Lara Andreoli


​Originally from Italy, Lara obtained her bachelor’s and master’s degree in philosophy at University of Milan. After teaching in high schools for a couple of years, she pursued a second master’s degree in applied ethics at Utrecht University. During her time in the Netherlands, she researched the ethical issues of the transition towards animal-free models in preclinical research in the context of the TPI (Transitie Proefdiervrij Innovatie). At the same time, she taught at Eindhoven University of Technology in a challenge-based course exploring the ethical and societal aspects of brain-on-chip technology.

Katholieke Universiteit Leuven, Belgium

Supervisor: Prof. Dr Kris Dierickx

ESR4 Project

Polygenic Risk Score(s) in the clinic: ethical challenges and stakeholders’ perspectives

GWAS (genome-wide association studies) in the last decade have shown that a conspicuous part of common, multifactorial diseases (coronary artery disease, diabetes, breast cancer) is typically determined by thousands of genetic variants across the genome. While the magnitude of each single variant is very low, their sum can reveal the genetic architecture of a disease, and thus be informative. To capture the combined effect size of variants on an individual’s predisposition to a certain phenotype, statistical protocols have been developed to derive so-called Polygenic Risk Scores (PRS). PRSs might deliver a series of benefits which are in line with the fundamental goal of Precision Medicine (PM) to innovate disease management and treatment in a personalized, predictive and preventive manner. So far, research studies suggest that information provided by PRSs could be potentially utilized in the clinic as a supplementary tool to improve disease-risk prediction, adopt more targeted and preventive strategies at individual and population level, and shorten diagnostic pathways. However, the introduction of PRSs in clinical care remains debated due to a series of epistemic and normative issues that hinder their clinical utility. Important limitations of PRSs regard the poor predictive power in individuals of non-European ancestry, a fact that might contribute to the exacerbation of already existing health disparities; further concerns are also expressed regarding the risk of unintended harm, such as false reassurance or over-diagnosis/treatment for individuals, as the interpretation of the genetic component captured by PRSs together with environmental and lifestyle factors remains problematic. The goal of the present project is double fold: to critically analyze the ethical and social challenges arising from the implementation of PRSs in clinical care and to gain deeper insights on how key stakeholders such as physicians (clinical geneticists), genetic counsellors, researchers and patients conceptualize the ethical and social aspects of PRSs. Finally, a normative reflection on the findings will be performed and key recommendations for a responsible introduction of PRSs in clinical practice outlined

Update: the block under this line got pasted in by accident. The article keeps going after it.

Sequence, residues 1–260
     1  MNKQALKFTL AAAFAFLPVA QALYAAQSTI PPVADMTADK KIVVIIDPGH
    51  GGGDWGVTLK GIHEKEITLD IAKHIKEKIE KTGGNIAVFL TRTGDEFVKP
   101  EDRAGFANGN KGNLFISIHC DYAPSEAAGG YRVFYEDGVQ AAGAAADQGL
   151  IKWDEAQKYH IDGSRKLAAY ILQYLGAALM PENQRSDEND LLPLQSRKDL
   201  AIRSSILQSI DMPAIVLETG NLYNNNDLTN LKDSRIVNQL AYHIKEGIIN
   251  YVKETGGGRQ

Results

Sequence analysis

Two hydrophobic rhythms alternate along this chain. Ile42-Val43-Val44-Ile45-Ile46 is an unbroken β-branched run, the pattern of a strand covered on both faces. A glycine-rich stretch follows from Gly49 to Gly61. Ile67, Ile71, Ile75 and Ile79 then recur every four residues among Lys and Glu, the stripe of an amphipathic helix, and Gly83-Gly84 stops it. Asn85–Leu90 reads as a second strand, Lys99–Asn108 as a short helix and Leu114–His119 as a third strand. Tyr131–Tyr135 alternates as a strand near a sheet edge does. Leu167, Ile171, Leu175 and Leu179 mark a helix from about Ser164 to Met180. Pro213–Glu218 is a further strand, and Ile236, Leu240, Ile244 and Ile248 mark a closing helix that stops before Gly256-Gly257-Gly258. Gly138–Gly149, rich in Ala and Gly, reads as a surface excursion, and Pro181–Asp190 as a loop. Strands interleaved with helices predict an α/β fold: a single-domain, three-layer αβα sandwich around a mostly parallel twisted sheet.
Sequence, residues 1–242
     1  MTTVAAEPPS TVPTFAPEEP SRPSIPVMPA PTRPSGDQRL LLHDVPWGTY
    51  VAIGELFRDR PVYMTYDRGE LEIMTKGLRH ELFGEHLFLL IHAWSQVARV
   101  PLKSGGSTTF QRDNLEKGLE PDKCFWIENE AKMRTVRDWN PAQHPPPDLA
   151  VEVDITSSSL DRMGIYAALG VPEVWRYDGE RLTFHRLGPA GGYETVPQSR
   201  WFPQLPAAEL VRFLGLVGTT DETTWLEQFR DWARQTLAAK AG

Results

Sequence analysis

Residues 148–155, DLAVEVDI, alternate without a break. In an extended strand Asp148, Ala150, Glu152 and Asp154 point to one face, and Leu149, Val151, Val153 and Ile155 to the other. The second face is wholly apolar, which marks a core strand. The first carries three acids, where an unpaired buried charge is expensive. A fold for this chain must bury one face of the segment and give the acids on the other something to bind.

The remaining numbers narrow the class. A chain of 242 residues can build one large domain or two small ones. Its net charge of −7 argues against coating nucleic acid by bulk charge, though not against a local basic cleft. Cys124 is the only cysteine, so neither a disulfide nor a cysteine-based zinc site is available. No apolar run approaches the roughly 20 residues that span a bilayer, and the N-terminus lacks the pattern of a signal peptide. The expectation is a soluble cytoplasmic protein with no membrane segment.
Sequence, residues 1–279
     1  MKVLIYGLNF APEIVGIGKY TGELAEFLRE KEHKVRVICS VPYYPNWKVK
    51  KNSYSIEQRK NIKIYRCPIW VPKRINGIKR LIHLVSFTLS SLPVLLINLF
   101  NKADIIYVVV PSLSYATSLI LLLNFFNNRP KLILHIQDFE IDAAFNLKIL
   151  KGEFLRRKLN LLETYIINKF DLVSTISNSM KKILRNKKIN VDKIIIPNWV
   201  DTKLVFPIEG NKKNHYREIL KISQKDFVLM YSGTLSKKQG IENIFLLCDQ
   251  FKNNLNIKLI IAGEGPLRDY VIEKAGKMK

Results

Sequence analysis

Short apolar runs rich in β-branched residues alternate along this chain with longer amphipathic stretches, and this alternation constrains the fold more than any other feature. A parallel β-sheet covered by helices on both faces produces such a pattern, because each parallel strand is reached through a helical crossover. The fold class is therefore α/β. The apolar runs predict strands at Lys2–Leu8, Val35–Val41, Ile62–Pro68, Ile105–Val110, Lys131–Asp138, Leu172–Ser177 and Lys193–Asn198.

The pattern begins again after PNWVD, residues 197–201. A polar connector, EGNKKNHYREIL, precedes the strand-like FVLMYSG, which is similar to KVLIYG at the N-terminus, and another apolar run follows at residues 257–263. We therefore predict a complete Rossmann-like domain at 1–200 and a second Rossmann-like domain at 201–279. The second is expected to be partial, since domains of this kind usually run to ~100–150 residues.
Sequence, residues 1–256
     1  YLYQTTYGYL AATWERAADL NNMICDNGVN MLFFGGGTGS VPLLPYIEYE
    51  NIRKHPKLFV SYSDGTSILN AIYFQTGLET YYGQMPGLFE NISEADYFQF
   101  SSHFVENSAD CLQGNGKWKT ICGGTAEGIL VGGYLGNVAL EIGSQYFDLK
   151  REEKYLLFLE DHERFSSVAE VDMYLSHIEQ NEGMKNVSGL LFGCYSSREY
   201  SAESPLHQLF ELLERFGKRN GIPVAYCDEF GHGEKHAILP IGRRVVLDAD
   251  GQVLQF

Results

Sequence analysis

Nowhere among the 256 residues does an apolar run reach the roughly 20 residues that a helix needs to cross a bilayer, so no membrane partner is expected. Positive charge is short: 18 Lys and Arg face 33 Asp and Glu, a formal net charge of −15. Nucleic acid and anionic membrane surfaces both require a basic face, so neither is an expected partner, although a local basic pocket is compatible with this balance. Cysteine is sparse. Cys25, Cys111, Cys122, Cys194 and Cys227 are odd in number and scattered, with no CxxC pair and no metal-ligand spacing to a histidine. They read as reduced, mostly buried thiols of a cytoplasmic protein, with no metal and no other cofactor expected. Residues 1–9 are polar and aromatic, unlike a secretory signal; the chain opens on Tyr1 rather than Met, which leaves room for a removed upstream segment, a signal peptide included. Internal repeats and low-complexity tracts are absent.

Scientific Interests

My scientific interests revolve around the ethics of human genetics, ethical and societal aspects of technological innovation in healthcare as well as the intersection between epistemology and ethics.

General Interests

Dedicated yoga practitioner and passionate about knitting, reading and travelling.